You never can keep a good blogger down. I expect many of you remember Frank, from A Frank Angle. I came to know him as the life of his blog was coming to its close and we discovered a shared love of walking and beaches. Where we differ is that Frank likes to ponder the mysteries of life on his wanderings. I just skim the surface. So, if you feel like a good ponder I’m sure you’ll be interested in Frank’s new blog, Beach Walk Reflections. Here’s a little taste of what you can expect.Embed from Getty Images
I like walking on the beach. It is good for the mind, body, and soul – and refreshing on my feet.
Ever think about seeds? They seem so simple at a glance – even on closer examination. We typically think of a hard, thin outer shell with a softer inside.
On the other hand, this seemingly plain object is the beginning of something new – something beautiful – something useful – a green plant that can be as simple as grass or are grand as a large tree.
Earth’s annual regeneration of seeds for release (many in the fall) – possibly covered by winter snows – yet ready for renewal in the spring so the cycle can repeat – all this with its goal of perpetuating the species.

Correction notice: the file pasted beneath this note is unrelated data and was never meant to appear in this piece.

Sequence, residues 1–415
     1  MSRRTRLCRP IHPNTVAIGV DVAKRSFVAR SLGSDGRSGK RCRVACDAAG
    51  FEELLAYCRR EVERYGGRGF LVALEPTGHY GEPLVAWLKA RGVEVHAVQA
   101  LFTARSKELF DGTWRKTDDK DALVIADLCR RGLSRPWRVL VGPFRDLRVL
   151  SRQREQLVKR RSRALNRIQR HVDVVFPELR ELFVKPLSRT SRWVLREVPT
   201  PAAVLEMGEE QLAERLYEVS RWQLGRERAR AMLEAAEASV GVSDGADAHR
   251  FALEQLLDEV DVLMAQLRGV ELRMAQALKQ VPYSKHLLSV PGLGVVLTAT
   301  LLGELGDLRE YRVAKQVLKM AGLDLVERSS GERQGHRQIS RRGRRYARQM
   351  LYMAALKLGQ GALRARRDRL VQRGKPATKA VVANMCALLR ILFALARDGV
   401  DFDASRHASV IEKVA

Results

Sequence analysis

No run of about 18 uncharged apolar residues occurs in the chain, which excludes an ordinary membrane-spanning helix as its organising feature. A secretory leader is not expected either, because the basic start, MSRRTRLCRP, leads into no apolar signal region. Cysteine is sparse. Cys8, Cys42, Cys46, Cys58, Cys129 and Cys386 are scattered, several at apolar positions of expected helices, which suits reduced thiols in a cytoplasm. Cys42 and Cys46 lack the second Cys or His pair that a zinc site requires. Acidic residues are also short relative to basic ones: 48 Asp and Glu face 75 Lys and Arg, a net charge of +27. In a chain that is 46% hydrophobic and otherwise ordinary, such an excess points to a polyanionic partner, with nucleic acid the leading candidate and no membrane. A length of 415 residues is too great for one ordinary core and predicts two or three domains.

I think of the farmer preparing the land before planting the seeds. Whether scattering the seeds randomly or planting them in straight rows with distinct spacing, time delivers something that belongs to all of us – bountiful crops and flowers.
As I walk, trees are sparse – only found on the grounds of some condominiums – although they are naturally found a short distance away from this beach. I think about a forest. Somewhere in that forest’s history, there was a time of one tree – the first tree. One tree that came from a seed. From that one tree came other trees – each coming from a seed.
I think about the sizes and shapes of seeds – from the tiniest orchid seed to a type of coconut containing the largest seed – shapes as squares, oblong, angular, triangles, round, egg-shaped, bean-shaped, kidney-shaped, discs, and spheres. Some seeds with lines and ridges – others perfectly smooth – plus in a variety of colors, and some even speckled.
A seed has three components – an outer protective coat, the embryo for growing into a new plant, and the food source giving the embryo and young plant its initial food source for growth – all aspects for increasing a chance for survival.
Ever notice how leaves sprout early from a seed? Yes, leaves for producing food for the youthful, growing plant because the initial food source is small.
Seeds hold the potential to produce something new because they contain hope and promise for something new. But not all plants use seeds for reproduction. For instance, mosses or ferns do not – but seed plants are the ones that dominate the plant world.
This causes me to think about our fertility – that is, the seeds within us. The promises that we hold that can produce a bountiful yield.
Interesting that the sperm of human males are called seeds, but in the plant world, seeds are something produced after the sperm fertilizes the egg.